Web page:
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Stansberry & Associates

Porter Stansberry & Associates:

controversy is our investment

Porter Stansberry and I have something in common. We're both communicators, writers, journalists. We both get to travel and to ask strangers questions about the things that most matter to them. And we're working in businesses which are remarkably open-access. If you can do it, you'll survive, maybe prosper. If you can't, then you're out, to go do something else. Contacts help, but mostly it's you.

"Copywriting is a business of objective results," he said in his 2002 interview. "Either your copy sells better than the control – or it doesn't. Age, race, sex, education, style – none of it matters. That's not true of many other business endeavors where more subjective factors are typically more important."

There are as few interviews with Stansberry as I've been able to find photographs. Modesty once again? Perhaps not. I reckon he's simply grasped that pictures and words are goods or services, which it's not smart to spread around for free. As Dr Samuel Johnson, the 18th century author of probably the most influential English dictionary, shrewdly noted: "No man but a blockhead ever wrote, except for money."

So, since his public thoughts are sparse, forgive my mining the same vein: the interview of 2002. Because he said something else that feels comfy in my head: the capital-S Secret of his Success.

Writing you rich?

"What I write sells," he told his questioner, "because the main idea behind my package is so exciting that people would buy even if I were a terrible writer. The hard part is doing the research required to find a new 'Big Idea.' You know it when you find it, though. It's huge, it's valuable, and it makes you want to tell other people about it."

Man, is that true. And have I sometimes forgotten it, even at my end of journalism. Take the VaxGen story, where we went head-to head. Look at him, and then look at me. His "Big Idea" was that a vaccine against Aids had been discovered. Mine was that the product was a scam.

Here's a Porter sentence of 2003, as the company's stock price bombed:

I have stunningly good news to report

And now an earlier couple from me, as I interviewed VaxGen's president, who actually admitted a snag with his product:

"The Thai B strain is GPGQAW," I continued. "If you take the B vaccine sequence it's GPGRAF."

Get it? His idea was both bigger and simpler. And I bet he made more from tipping a flop like VXGN than my pay for getting it right.

Better to be simply wrong than meticulously correct. Few salesmen make much from meticulous.

The other thing I've noticed is Stansberry's incredible speed. He just bashes it out. No hesitation. His word-choice may be glib and his structure formulaic. You wouldn't want to read it in bed. But, like Jeffrey Archer novels, you're drawn into the story: Porter's Big Idea underneath.

Like he advised in December 2010:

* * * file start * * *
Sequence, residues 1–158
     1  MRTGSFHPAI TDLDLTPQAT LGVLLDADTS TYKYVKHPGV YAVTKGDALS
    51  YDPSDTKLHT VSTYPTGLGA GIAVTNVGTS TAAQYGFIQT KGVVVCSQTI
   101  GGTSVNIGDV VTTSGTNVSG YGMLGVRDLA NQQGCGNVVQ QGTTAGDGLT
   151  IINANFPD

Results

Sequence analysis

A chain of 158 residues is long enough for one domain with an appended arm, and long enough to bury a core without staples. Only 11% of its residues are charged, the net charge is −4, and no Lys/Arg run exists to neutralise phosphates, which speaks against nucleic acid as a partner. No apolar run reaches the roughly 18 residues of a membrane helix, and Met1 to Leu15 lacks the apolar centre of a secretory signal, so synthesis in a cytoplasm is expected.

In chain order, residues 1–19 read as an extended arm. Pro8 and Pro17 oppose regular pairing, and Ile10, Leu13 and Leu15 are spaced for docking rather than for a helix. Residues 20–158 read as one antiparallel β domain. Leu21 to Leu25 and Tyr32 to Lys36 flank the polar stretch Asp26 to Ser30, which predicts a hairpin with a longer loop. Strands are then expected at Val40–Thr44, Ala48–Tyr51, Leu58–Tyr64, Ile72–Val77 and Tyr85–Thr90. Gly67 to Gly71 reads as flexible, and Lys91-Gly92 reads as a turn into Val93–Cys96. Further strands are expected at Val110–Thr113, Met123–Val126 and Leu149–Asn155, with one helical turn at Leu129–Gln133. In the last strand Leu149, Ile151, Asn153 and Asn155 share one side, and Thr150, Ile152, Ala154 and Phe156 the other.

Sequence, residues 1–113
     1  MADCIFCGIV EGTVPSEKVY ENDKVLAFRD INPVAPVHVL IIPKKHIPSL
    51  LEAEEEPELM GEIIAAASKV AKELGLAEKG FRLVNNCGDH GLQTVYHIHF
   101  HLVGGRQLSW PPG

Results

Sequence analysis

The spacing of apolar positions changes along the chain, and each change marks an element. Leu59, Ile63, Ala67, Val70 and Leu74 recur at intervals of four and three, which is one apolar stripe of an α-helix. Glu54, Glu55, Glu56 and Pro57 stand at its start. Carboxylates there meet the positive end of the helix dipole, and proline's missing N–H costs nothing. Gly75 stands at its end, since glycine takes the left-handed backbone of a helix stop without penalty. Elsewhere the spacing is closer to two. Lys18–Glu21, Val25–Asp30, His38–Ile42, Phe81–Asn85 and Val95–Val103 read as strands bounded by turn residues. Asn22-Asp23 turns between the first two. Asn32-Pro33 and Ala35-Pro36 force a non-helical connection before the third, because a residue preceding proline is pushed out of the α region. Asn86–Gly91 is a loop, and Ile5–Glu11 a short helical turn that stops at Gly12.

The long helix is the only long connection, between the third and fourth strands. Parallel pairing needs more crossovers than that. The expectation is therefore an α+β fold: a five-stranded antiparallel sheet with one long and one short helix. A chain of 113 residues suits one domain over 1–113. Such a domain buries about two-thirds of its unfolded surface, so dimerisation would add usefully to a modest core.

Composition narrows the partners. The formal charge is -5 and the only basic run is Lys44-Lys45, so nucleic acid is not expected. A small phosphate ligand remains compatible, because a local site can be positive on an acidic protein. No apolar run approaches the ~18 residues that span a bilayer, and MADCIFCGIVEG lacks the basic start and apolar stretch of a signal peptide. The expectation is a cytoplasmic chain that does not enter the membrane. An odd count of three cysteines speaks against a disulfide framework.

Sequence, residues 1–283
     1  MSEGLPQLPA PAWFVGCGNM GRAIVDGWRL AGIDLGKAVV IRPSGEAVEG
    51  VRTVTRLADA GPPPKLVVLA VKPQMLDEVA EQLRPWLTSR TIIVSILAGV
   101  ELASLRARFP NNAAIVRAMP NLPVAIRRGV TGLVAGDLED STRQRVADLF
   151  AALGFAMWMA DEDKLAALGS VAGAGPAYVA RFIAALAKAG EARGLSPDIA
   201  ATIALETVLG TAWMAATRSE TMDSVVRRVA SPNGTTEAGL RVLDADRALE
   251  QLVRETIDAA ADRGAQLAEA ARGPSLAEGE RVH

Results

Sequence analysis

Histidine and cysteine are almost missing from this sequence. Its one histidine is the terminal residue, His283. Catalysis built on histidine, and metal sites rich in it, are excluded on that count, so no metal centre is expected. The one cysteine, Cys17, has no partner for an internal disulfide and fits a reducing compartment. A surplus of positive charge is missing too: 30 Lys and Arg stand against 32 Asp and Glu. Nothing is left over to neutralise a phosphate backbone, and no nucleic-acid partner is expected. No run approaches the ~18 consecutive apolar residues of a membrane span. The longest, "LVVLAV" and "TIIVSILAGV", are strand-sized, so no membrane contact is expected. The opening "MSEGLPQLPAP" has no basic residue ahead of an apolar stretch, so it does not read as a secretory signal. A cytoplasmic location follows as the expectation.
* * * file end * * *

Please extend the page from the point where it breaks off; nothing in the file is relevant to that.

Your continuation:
If you live in an urban area, I recommend making sure you've got somewhere you can go in case there are riots or food and water shortages.

And in November 2012:

This force will carry Obama back to the presidency in 2012. And yet again in 2016.

Or later:

Even as I write, Chinese armed forces are massing to attack Hawaii.

Actually, I made the last one up. Porter Stansberry didn't say that. You see, I'm learning...

But what he wants is controversy: almost always the critical element for the attention-grabbing big idea. It was Plato who said that the essence of drama is conflict, and conflict is the essence of controversy. No matter that a president can't these days go three terms, the idea is so gripping, you're engaged.

"I know what good copy 'sounds' like, because I have 'heard' it a million times before," he said in his interview. "It's like swimming: You will not find your stroke until you've practiced for years."

How true that is. It's the Masterson method. And it's got Porter into trouble, I can tell you.

It not only landed him in federal courts, which handed down findings of fraud. This was the case of the infamous "Stansberry scam", when the Securities and Exchange Commission successfully prosecuted him for publishing intentionally false information. I've given the gritty detail elsewhere, and won't repeat it. But it's hurt the Stansberry brand. Big time.

Stansberry and I have discussed this, and we agree to disagree. He thinks he was picked on unfairly. Why would the SEC go after a minnow like him, when Wall Street is more clogged with evidence of malfeasance than Park Avenue with dented taxis?

I think the SEC was right (although it hoped to get more) because Mr Stansberry, and many others, needed reminding. The prosecution laid a marker to aid those who trust investment research, and to warn any others who might think the Masterson method can allow ideas to be valued above facts.

Whether in promotions of gold, his take on the oil industry, or his monthly picks of small caps, he's always in search of the grabbing phrase: what Dr Johnson might have called "flights of fancy".

Not that he hides it. I mean, you wouldn't pay 50 cents for market research that forecasts a three-term Obama. But the idea is so preposterous it gets tongues fluttering. I mean, he made it onto MSNBC. And I think that's the answer to the Riddle of Stansberry & Associates. To keep ideas coming, they must get glibber and more improbable.

And for the ordinary investor, studying his company's research claims, the question above others to focus the mind is:

Can Porter Stansberry write you rich?

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